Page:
What Are the Limits on a 457(f) Plan?

Experts from Groom Law Group and CAPTRUST answer questions concerning retirement plan administration and regulations.

“I work for a public university that sponsors a 403(b) and 457(b) plan, and is currently considering the addition of a 457(f) plan. Now, I know that we can allow all employees to participate in our 403(b) and 457(b) plans, but our recordkeeper is saying that the 457(f) must be limited to select management and highly compensated employees. Is this correct?”


Kimberly Boberg, Taylor Costanzo, David Levine and David Powell, with Groom Law Group, and Michael A. Webb, senior financial adviser at CAPTRUST, answer:


Assuming that your plans qualify as governmental plans, no. The limitation of 457 plans (both (b) and (f)) to select management and highly compensated employees is a method of avoiding ERISA requirements under what is called a “top hat” arrangement. However, as governmental plans, your plans are already exempt from ERISA, and thus the “top hat” exemption is not necessary. Thus, all employees, or any employees of your choosing, are permitted to participate in a 457(f) plan should you choose to establish one. If you were a private university, however, you would need to limit 457 plan participation to select management and highly compensated employees.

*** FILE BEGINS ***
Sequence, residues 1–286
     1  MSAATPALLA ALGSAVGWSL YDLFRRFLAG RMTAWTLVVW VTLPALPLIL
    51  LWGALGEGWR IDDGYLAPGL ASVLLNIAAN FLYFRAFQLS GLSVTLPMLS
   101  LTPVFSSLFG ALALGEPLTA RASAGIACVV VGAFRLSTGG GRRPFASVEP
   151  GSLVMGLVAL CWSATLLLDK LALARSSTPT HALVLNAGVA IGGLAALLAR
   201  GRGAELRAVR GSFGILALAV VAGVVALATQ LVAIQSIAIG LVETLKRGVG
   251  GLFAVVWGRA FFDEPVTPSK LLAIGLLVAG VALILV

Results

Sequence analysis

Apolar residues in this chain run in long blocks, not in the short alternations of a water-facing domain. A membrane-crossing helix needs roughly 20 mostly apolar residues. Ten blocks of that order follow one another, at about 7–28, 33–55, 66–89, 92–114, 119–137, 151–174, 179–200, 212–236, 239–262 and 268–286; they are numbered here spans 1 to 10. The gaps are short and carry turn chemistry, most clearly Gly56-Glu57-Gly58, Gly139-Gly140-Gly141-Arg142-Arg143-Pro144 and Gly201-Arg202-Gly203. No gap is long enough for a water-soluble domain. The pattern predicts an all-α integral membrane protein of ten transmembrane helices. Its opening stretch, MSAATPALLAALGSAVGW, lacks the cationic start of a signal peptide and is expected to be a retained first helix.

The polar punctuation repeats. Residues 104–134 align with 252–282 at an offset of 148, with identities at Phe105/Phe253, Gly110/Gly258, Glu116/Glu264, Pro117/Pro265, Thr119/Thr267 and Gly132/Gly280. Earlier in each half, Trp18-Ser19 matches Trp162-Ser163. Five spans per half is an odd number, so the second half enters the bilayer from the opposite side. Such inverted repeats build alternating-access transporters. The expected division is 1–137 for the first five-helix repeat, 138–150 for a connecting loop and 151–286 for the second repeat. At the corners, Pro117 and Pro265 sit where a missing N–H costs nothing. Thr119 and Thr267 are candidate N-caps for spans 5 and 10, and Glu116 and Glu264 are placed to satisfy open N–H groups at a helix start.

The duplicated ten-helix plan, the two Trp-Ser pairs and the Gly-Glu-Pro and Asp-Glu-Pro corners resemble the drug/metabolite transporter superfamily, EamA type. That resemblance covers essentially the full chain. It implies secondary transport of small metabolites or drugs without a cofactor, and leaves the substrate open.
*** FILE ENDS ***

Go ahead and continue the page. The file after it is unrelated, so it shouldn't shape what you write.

Note, however, that even though all employees can technically be eligible for your 457(f) plan, the primary purpose of such a plan is to provide supplemental benefits to executives and these plans function a bit differently than what you see with qualified plans (e.g., relating to the taxation of contributions). It should also be noted that there are alternatives methods of providing such benefits as well, such as a 401(a) plan or a 415(m) plan. Outside retirement plan counsel should be consulted regarding your options here.

NOTE: This feature is to provide general information only, does not constitute legal advice and cannot be used or substituted for legal or tax advice. 

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